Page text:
*Example:
Product planning – LP model*
**1. Definition
of variables**

…
number of units of product A to be produced

… number
of units of product B to be produced

P … total profit

**2. Objective
function**
*Maximise: *

This equation states that the firm's total
profit is made up of the profit from product A (8 times the number sold)
plus the profit from product B (6 times the number sold).
**3. Constraints**

The first constraint relates to the availability
of time on the first machine. Each unit of product A uses three hours of
this machine, and each unit of product B uses two hours. Hence, the total
hours used is expressed by the left-hand side of the expression above.
This must be equal to or less than the total hours available on the first
machine - right-hand side = 24.
For the second machine, the constraint
is similar.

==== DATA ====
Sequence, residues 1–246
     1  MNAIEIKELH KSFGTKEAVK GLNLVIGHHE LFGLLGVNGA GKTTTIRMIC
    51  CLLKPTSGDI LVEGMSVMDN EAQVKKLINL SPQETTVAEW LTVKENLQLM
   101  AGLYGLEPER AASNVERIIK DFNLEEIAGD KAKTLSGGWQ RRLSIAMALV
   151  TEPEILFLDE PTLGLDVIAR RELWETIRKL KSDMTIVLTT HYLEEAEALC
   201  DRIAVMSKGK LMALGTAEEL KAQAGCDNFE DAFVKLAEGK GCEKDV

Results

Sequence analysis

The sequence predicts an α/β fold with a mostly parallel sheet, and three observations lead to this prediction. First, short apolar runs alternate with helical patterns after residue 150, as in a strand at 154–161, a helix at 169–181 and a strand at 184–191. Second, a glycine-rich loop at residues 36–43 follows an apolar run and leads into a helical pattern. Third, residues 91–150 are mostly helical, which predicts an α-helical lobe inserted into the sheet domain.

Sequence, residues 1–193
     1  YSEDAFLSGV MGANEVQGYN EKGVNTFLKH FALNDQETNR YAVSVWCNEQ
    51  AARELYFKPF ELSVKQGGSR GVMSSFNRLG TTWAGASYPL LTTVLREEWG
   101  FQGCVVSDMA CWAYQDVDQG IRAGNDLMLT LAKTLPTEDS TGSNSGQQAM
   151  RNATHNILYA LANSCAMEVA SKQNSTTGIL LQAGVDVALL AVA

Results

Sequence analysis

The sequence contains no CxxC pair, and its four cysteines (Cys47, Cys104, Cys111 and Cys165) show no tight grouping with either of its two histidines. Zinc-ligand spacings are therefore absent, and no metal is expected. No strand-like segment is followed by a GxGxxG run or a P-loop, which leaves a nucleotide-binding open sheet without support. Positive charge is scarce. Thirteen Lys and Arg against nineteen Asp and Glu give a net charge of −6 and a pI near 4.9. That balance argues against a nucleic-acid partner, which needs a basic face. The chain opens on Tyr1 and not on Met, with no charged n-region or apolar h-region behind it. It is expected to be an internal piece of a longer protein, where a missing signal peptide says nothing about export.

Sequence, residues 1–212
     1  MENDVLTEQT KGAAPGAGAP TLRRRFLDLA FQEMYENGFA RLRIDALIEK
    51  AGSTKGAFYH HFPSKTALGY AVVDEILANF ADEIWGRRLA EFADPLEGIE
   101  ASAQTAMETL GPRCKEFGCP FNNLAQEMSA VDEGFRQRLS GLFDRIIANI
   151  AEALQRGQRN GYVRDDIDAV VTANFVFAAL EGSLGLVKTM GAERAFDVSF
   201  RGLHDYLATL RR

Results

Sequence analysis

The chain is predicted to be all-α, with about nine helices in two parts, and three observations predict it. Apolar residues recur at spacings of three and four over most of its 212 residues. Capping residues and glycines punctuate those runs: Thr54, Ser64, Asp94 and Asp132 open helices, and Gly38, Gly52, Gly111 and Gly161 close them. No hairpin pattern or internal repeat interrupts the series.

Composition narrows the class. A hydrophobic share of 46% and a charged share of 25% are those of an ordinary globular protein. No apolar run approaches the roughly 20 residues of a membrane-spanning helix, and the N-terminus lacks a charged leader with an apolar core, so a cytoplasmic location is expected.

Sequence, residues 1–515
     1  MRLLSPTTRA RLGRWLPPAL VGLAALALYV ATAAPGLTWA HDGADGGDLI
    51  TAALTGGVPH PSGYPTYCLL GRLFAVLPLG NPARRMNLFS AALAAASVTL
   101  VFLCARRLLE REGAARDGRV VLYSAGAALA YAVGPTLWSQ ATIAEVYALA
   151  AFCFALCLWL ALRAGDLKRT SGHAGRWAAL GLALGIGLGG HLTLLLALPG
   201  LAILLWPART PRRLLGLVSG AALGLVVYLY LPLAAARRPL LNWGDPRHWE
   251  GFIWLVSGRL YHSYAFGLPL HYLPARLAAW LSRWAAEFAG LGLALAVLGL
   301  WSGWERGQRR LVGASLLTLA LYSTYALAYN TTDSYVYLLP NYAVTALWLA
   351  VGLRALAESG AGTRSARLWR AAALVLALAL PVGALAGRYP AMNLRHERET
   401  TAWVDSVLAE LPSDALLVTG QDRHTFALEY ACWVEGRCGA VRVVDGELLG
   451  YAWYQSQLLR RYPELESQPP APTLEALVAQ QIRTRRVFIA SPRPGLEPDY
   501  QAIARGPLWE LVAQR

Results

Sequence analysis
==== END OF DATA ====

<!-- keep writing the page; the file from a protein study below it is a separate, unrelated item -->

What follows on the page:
**4. Non-negativity**

*I*n addition, implicit in any linear
programming formulation are the constraints that restrict all variables
are non-negative. In terms of the problem, this means that the firm can
produce only zero or positive amounts.
Each LP model must have three parts 1-3
as above.

**5. The total
formulation**

Maximise:
subject to:

Precise definition of variables is necessary for
understanding and interpretation of the solution.

This example is simple, and one would not need linear
programming to solve it. However, problems involving dozens of products
and many different constraints cannot be solved intuitively, and linear
programming has proved valuable in these cases.